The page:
Across the United States, besides the U.S. team’s accomplishments in the World Cup competition, another dominant traditional and social media based news headline reflects of the incredible number of automobiles and trucks being subject to product recall. 

The primary story focuses on General Motors, which after intense scrutiny from U.S. regulators and legislators regarding faulty ignition switches among multiple models, is recalling all sorts of models that are believed to have been exposed to a component design problem, faulty ignition or otherwise. Thus far in 2014, GM has announced 44 product recalls involving nearly 18 million previously sold vehicles. Today’s social and business media buzz blares that the vehicles been recalled thus far is more than the total number sold in the U.S. in 2013. 

In a previous Supply Chain Matters commentary, we called attention to product recalls involving airbags supplied by Japan based Takata Corp. that were expected to expand and involve millions of affected vehicles. Today, both Honda and Nissan recalled close to an additional 3 million vehicles worldwide to repair the subject airbag problem, bringing the total number involved with the airbag defect to roughly 5 million vehicles.

An article syndicated by the Washington Post News Service features the headline: More than 1 in every 10 vehicles on the road has been recalled since January.  That articles notes that the defects range from rather serious (faulty ignition switches, overheating exhaust parts, power steering problems) to other problems where automakers are now highly sensitized to any potential liability problem. This article goes on to note that in the spirit of crisis bringing opportunity, that there may be an upside of this extraordinary situation: “ … meaning that dealers get to have their old customers back in the showroom.  There, they can show off the new models and, at minimum, be in a position to sell drivers on some repairs they previously were not considering.

This author, for one, was completely floored by the above statement.  Are you kidding me!  One in every ten vehicle owners being inconvenienced to have to make a service appointment and bring their vehicles for service, and dealers have the “blank” to try an upsell these consumers?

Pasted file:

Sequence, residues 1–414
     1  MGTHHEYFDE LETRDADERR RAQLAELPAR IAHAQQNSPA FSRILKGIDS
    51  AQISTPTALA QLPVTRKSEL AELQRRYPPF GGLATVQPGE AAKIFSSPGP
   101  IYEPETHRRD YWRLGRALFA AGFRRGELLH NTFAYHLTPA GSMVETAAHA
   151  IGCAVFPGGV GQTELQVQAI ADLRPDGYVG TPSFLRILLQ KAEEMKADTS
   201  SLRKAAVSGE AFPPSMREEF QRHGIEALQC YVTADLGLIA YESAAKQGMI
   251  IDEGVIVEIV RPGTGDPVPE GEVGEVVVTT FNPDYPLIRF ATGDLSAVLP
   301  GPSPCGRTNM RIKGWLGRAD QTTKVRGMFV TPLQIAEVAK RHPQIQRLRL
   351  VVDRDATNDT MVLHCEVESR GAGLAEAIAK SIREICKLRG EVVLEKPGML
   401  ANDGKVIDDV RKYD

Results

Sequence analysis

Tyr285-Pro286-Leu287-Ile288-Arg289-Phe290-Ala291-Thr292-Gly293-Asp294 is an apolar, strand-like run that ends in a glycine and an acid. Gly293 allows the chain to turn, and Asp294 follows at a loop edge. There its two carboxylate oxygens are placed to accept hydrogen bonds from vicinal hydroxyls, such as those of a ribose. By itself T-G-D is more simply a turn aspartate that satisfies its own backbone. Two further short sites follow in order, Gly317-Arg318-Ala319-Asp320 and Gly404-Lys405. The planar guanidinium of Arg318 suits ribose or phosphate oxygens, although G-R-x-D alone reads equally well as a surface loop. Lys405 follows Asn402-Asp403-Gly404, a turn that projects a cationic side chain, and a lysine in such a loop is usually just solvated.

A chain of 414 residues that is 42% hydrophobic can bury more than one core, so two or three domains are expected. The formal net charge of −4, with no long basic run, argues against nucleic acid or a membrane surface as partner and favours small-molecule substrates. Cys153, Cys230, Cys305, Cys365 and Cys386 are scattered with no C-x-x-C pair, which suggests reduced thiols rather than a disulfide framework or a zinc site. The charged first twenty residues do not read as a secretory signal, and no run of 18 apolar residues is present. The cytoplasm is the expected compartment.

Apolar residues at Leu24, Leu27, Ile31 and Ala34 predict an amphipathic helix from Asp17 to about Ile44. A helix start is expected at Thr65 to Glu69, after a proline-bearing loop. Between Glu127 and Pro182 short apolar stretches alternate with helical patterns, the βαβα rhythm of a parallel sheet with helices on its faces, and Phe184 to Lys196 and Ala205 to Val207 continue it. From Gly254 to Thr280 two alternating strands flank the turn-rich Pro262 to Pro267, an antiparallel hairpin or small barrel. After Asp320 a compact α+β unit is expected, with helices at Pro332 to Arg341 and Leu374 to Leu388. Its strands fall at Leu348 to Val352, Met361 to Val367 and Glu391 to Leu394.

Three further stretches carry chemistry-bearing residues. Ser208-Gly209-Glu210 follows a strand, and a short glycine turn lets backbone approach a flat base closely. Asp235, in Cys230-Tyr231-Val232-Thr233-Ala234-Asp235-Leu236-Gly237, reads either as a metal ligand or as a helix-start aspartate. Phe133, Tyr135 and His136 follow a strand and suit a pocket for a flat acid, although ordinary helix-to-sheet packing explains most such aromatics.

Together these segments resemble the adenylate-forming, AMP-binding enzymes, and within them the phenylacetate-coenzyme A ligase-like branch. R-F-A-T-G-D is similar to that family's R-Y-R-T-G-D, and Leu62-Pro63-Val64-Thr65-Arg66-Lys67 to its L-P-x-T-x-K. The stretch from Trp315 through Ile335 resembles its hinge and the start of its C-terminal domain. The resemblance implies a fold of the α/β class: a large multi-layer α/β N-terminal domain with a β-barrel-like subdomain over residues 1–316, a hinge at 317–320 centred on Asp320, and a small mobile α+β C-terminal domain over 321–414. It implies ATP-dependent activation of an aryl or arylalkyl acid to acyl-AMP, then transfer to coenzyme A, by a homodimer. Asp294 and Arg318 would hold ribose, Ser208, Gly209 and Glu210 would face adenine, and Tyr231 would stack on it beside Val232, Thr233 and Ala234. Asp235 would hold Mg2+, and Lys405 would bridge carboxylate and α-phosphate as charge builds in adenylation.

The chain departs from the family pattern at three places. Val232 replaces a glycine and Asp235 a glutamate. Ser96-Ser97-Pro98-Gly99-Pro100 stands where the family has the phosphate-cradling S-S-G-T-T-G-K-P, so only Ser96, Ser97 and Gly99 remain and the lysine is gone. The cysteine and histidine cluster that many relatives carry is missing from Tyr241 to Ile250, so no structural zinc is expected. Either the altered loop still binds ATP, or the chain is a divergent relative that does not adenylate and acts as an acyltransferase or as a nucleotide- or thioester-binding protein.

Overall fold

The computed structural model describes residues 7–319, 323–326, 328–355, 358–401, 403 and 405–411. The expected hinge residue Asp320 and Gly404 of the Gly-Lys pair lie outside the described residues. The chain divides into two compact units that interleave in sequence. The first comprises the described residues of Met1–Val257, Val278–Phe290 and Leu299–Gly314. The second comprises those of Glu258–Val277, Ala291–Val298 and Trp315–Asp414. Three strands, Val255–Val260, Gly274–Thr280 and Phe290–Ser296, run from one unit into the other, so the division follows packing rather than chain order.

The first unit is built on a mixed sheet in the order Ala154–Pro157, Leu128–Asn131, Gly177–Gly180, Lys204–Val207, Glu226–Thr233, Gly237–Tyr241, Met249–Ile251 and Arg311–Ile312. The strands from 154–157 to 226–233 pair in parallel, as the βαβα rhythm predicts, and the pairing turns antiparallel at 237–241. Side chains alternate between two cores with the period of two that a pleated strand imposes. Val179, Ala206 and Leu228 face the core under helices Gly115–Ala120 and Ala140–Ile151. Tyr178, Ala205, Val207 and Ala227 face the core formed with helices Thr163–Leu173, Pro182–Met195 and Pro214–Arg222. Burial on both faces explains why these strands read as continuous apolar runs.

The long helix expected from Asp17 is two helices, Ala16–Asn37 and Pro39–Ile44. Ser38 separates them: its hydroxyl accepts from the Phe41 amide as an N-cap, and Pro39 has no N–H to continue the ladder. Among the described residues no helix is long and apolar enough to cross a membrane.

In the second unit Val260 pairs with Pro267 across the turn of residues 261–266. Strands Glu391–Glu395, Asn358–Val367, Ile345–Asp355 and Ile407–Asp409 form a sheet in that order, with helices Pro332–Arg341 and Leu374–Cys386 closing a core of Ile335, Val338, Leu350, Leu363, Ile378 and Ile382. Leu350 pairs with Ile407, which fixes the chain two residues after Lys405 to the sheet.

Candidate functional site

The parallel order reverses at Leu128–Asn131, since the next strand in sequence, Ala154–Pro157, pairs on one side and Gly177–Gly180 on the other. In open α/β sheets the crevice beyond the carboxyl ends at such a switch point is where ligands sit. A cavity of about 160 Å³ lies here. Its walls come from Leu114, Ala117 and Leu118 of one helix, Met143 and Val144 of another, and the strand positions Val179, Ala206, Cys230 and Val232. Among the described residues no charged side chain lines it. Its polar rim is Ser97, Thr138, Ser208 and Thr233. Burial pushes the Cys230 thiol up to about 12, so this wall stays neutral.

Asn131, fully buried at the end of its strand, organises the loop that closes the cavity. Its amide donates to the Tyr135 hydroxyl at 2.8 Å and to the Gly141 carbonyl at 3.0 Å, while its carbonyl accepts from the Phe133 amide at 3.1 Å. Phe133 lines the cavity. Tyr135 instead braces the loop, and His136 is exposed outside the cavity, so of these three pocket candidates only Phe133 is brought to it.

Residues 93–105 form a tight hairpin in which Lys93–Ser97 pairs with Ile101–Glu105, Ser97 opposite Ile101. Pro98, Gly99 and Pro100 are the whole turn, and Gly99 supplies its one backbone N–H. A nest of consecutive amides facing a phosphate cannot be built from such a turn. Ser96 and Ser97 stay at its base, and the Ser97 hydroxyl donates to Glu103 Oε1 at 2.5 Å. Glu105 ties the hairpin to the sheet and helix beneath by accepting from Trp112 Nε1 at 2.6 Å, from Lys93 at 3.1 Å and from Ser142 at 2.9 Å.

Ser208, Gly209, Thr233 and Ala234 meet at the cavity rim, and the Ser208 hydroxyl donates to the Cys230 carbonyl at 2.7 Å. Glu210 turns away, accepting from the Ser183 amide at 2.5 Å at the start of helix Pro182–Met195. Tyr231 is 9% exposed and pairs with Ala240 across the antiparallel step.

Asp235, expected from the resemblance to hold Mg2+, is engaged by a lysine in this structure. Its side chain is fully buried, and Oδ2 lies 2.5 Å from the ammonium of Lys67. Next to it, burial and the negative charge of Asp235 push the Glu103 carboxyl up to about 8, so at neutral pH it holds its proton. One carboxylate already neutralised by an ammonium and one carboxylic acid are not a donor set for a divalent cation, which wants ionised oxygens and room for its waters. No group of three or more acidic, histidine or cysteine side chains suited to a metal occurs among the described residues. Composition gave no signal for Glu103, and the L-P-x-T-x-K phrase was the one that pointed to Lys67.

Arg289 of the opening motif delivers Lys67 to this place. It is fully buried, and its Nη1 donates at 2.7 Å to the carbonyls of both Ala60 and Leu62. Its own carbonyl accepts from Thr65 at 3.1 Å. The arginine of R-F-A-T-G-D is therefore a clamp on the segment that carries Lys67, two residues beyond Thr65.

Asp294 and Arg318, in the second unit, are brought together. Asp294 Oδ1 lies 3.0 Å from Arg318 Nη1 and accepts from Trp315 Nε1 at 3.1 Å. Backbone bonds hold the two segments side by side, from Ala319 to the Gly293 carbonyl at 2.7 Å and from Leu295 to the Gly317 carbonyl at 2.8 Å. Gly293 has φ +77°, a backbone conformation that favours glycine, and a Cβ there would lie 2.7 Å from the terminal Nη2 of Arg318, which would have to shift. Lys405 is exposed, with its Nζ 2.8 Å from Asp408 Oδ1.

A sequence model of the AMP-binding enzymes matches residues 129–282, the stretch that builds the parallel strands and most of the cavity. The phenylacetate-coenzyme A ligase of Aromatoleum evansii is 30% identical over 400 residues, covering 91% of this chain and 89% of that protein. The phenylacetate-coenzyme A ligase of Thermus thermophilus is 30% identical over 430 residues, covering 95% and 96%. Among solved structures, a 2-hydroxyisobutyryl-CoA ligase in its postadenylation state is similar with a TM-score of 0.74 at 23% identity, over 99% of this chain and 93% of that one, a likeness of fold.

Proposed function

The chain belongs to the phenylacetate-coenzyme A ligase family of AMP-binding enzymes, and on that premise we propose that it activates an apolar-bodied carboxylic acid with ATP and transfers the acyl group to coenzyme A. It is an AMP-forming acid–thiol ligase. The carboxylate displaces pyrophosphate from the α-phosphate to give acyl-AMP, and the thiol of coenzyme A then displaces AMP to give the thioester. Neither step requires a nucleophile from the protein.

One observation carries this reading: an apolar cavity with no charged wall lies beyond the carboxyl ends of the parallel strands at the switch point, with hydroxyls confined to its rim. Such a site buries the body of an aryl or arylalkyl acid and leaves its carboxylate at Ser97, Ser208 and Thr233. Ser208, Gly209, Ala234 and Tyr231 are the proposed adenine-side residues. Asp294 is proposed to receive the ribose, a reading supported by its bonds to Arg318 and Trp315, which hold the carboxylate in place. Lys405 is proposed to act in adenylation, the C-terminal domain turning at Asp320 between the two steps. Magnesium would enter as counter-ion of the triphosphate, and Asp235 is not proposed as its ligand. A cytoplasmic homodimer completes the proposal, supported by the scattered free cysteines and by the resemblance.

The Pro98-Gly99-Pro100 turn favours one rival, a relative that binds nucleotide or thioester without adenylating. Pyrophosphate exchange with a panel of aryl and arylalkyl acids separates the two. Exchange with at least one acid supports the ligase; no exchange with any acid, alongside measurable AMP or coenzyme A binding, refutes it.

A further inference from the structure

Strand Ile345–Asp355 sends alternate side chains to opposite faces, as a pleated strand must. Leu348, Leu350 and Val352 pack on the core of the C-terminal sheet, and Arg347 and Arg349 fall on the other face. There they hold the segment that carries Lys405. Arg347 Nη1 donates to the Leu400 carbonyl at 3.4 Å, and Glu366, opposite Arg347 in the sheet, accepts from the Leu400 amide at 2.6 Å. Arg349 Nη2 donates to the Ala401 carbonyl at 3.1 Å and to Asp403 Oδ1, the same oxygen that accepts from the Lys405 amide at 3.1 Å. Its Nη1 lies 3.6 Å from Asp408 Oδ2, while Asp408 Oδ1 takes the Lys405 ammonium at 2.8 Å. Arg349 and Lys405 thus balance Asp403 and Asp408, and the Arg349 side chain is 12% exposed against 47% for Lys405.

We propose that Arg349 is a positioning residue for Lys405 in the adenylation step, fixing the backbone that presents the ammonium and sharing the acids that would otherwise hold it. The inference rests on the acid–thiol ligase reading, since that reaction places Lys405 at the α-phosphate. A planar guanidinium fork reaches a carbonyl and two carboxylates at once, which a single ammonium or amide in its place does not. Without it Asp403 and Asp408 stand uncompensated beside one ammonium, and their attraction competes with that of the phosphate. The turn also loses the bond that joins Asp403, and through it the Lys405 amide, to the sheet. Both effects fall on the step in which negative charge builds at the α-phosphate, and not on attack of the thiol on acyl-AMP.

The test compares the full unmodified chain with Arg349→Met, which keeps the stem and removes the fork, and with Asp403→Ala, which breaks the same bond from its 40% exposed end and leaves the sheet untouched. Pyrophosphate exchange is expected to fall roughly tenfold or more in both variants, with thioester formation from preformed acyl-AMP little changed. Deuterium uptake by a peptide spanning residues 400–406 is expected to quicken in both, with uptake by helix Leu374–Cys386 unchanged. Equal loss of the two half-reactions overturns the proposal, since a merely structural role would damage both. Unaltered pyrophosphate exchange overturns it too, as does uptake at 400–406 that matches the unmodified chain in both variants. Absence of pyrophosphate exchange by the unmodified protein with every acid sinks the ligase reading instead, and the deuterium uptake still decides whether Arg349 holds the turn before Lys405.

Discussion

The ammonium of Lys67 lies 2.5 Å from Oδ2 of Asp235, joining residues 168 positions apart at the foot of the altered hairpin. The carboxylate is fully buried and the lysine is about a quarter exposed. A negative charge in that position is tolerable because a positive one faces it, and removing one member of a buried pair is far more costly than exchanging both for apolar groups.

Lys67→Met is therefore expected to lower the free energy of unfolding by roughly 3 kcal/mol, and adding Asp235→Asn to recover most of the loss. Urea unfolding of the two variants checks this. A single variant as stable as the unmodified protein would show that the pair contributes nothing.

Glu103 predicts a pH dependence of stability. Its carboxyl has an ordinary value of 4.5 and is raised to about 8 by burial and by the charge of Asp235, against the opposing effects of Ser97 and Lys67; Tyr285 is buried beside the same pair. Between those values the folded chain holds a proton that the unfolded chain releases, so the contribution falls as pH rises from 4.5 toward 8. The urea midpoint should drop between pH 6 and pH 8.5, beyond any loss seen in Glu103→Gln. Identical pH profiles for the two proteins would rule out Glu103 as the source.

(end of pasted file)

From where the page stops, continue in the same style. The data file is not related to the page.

Beyond the lunacy of such statements, there is a parallel and very critical challenge about to happen.

Automotive service focused supply chains are going to be exercised to their biggest stress test, ever.  All of the subject recalled vehicles will require some form of a repair part, one that has hopefully, been correctly modified to remediate a suspected problem. The sheer numbers imply that some inventory will have to be re-allocated from those destined to support ongoing production schedules for newer vehicles. In some cases, necessary repair parts will not be able to meet overall demand, and dealers will have to be very careful in scheduling service appointments and setting customer expectations.  During Toyota’s past product recall crisis process involving unattended sudden acceleration, Toyota worked directly with its dealer network to coordinate extended service hours for consumers, including nights and weekends.  Coordinated round-the-clock efforts among certain component suppliers and respective dealers were directed at insuring repair parts were adequately distributed and vehicles were scheduled for repair based on availability of necessary parts.

In short, the folks that do necessarily receive all the hero badges, those directly supporting service focused supply chains will be called upon in the coming weeks to literally save brand focused reputations.

Last week, Supply Chain Matters was invited to attend the PTC Live Global 2014 customer conference held in Boston.  One of PTC’s product suites is technology focused on Service Lifecycle Management (SLM) which has been amassed from previous acquisitions of vendors such as Servigistics, MCA, Kaidera, Xelus and others. In one of the sessions, PTC executives noted that expectations have never been higher on the customer and business side of service management. Yet, service management tends to suffer from immature business processes, not from a lack of dedication and effort, but rather a lack of broader understanding to the importance of service management.  Mingling in the hallways and networking sessions, we once again had an immediate sense of how dedicated these people are, and also how unappreciated and frustrating their efforts can sometimes be.

Across automotive, the service focused supply chain will be put to its largest and most expansive stress test from the scope of sheer numbers of vehicles and information required to coordinate service scheduling needs.  Some will rise to the task at hand.  Some will not.

One fact is very clear- auto dealers are advised to take-off their sales hats and concentrate on service and customer satisfaction efforts, in all dimensions.  That includes a very close, almost intimate relationship with those dedicated professionals who plan, manage and fulfill service parts planning and order fulfillment. Forget for the time being, the algorithms and calculations related to mean time between part failures.  It is going to be “all hands on-deck” augmented by information coordination and supply chain intelligence that separates the best in class performers.

Stay tuned.

Bob Ferrari